I have previously talked about how we as a community find it hard to buy ABDL diapers. But there are many home-care diaper sellers out there today, online and offline. And I thought it would be a little fun to discuss how these people sell diapers.
Many of these brick-and-mortar retail shops are staffed by roughly the same profile of salespeople – Singaporean Chinese in their early to mid forties. Some of them are small businesses that they own, while others are pretty large and supply products to medical institutions.
In fact, diapers form a significant part of sales. Just walk into any one shop and you’ll see at least a quarter of their display products. While there are many other products on sale such as walking aids and nutritional products, the large variety and spread of diapers makes it clear where money comes in from.
So that would mean most staff know the nuts and bolts of their top selling product. It’s interesting however to note just how different it can be to sell a medical diaper as compared to an ABDL diaper.
Browse through any ABDL store online and you’ll see an emphasis on appearance, plastic-backing, and privacy during shipping. In the medical diaper industry, these things are a non-starter. For the latter, absorbency, comfort and price are key.
A friend joked that the uglier the medical diaper, the better it was at absorbency and retention. We ABDLS often like to complain that medical diapers look very “medical and boring” but that’s because things like misplaced wetness indicators and colour codes are there to aid caregivers. Many premium diapers also focus on ‘breathable sides’ – what we call cloth-backed diapers – and though visibly more pricey than plastic-backed ones, are enjoying healthy demand.
I’ve never been to an ABDL retail store before (well there are but a handful in the world), and so online, ABDL sellers often focus on the afore-mentioned three points of appearance, plastic-backing and privacy during shipping. They do talk about things like absorbency, but for most ABDL diapers they would fall under the ‘high absorbency’ category for medical diapers.
That’s because it’s an expectation in the ABDL community – that if we buy printed diapers for little space, then we are not going to change after just one wetting but rather stay in it a bit longer. But for medical diaper users, changes occur after every wetting, except overnight. That’s why they sell diapers with varying absorbency levels.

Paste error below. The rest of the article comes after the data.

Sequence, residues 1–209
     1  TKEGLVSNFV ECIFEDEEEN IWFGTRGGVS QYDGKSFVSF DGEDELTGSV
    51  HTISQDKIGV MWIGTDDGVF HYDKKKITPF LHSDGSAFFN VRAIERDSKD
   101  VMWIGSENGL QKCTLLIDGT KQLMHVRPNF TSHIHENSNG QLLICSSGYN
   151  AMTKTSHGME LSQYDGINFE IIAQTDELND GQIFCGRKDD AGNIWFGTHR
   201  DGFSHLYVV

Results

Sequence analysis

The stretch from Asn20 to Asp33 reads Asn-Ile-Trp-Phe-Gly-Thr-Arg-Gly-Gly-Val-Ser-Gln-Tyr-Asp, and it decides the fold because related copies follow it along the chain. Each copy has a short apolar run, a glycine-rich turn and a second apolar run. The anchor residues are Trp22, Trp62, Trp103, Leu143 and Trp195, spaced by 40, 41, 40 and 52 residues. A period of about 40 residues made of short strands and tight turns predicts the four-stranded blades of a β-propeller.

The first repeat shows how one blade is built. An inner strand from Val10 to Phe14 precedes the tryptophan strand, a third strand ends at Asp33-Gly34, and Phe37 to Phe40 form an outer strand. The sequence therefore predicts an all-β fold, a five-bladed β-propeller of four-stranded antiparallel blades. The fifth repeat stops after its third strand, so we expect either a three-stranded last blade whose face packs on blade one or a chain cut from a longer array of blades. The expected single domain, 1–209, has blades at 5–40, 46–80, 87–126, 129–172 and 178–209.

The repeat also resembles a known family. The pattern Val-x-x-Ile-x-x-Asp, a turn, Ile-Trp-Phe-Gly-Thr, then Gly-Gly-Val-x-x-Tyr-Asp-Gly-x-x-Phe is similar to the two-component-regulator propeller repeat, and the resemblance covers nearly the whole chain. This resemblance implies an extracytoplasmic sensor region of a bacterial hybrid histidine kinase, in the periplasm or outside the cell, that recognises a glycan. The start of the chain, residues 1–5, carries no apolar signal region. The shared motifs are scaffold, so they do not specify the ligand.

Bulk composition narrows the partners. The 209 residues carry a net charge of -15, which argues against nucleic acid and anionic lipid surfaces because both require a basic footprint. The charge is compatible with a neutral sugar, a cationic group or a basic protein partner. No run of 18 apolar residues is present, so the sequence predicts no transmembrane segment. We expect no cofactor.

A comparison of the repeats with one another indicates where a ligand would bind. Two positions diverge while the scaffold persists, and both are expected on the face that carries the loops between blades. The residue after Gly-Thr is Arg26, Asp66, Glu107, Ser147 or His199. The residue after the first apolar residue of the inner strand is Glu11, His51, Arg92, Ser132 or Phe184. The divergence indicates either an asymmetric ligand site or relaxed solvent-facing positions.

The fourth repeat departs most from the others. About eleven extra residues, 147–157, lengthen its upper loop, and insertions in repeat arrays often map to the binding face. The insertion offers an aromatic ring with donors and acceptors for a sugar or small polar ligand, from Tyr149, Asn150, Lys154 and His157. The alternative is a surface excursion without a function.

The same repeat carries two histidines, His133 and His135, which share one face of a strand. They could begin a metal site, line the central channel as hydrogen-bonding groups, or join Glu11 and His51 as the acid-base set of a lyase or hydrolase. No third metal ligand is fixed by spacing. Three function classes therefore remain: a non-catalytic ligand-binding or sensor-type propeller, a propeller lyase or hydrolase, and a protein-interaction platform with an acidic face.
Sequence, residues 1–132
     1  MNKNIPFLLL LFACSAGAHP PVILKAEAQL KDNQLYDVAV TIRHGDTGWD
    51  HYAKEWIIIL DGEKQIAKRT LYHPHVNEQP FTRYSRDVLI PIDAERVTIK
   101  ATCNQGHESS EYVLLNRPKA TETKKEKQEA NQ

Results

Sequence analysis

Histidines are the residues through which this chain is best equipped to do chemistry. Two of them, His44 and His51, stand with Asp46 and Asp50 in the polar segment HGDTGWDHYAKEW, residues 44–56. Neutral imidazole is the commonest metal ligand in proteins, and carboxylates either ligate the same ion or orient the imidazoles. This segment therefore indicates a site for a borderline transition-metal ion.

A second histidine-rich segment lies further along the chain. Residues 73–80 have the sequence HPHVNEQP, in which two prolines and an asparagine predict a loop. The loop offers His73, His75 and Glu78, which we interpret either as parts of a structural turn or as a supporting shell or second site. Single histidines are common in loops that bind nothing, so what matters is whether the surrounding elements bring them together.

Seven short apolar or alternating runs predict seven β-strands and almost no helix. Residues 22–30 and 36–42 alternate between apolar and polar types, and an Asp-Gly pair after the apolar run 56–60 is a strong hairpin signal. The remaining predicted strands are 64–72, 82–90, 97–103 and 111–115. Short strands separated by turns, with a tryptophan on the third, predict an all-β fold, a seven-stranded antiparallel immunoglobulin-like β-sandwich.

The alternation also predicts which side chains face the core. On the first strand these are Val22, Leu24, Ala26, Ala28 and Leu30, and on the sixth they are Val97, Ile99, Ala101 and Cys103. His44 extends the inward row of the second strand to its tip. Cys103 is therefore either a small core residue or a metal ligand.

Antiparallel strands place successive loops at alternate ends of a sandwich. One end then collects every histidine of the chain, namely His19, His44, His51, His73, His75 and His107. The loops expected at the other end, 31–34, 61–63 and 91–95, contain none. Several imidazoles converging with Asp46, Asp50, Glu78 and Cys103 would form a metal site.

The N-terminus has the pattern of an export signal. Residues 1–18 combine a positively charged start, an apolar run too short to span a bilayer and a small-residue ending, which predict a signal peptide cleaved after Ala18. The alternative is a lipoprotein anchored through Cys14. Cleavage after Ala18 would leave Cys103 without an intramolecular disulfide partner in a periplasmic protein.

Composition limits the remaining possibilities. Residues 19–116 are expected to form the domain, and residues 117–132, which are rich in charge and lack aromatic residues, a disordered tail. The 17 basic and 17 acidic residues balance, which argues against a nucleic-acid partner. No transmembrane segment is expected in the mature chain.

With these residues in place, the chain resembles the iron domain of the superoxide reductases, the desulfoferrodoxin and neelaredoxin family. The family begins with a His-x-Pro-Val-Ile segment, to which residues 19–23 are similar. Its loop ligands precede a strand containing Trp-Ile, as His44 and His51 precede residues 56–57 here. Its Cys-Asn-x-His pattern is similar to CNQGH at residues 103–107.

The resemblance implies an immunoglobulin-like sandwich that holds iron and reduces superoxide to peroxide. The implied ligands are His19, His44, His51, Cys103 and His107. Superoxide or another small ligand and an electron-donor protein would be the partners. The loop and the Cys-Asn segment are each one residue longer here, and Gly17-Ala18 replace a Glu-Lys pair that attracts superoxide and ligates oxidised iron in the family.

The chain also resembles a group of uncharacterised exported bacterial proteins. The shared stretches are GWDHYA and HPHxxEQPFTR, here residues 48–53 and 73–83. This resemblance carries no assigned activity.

But at the end of the day, the sales pitch is meant to help confused customers. I was in a home-care retail shop in Saint Andrews Community Hospital. I was greeted by a forty-something lady. She was very chatty and when I asked for some high absorbency diapers. I was looking for some Molicares, but she prodded me to get Tena Slip Maxis instead. I thought she had some quota to hit. So I pulled out a trump card and said that I was asked to get Molicares.
“Ah, Molicare is used in St. Luke, but (in this hospital) they use Tena Slip. Ah boy (referring to me), you should use this thing called ‘breathable’. It allows the skin to breathe one.”
I was trying to stifle my smile, because little did she know that I was getting them for myself indeed. But her Singlish was professional-sounding regardless. She then picked up a sample Tena Slip diaper and showed it to me.
“And this kind is also good, because it has this technology called ‘SAP’ it’s very absorbent,” she said, pointing to Tena’s Feel Dry Layer.
I think she saw my concealed smile and at that point sensed that I was a DL. Or maybe that I had done my research and knew she was bluffing.
But seriously, as a DL I’m not sure if I’m to be worried at this misinformation or to merely laugh at it. Because after all it doesn’t change the fact that the TSM is a very absorbent diaper.
It reminded me of another cringeworthy sales pitch at a home-care shop in Tampines Hub. I had been eyeing the ID Expert Slip Plus (ISP) diaper for some time and managed to alter my schedule enough that day to go buy them. The sales guy saw me staring at the diapers and came up to ask if I needed assistance. My mind went blank so I asked something pretty generic.
“Do you have any promotion going on for your diapers,” I asked, slightly hopeful.
“Promotion? No, only the prices you see here,” he said with a somewhat rehearsed tone.
I was a little surprised that there was no promotion given that the GSS had kicked off and the diapers were occupying a large and prominent part of that store. So I asked how much the ISPs were for. He told me, and I pretended to think for a moment. All this while, he was keeping his eyes on me.
He then suddenly asked, “How often do you use?”
“My grandma needs one a night usually. We will try this one,” I lied somewhat naturally.
“For night use can try this Lille brand here. Made in Germany one, very good,” he replied.
I however, knew that they were made in France, and I was also curious as to how he knew that they were ‘good’. But I was not in a mood to probe that day.
At the end of the day, we must acknowledge that these sellers here have not tried these products on themselves. A shoe-seller might have tried on similar shoes, a car-seller may have driven a similar car. But a person selling diapers most definitely would not have tried on on themselves. And it shows sometimes. There’s nothing wrong in that, given that the people they sell it to very likely won’t use it for themselves too.
But it does make for funny sales pitches.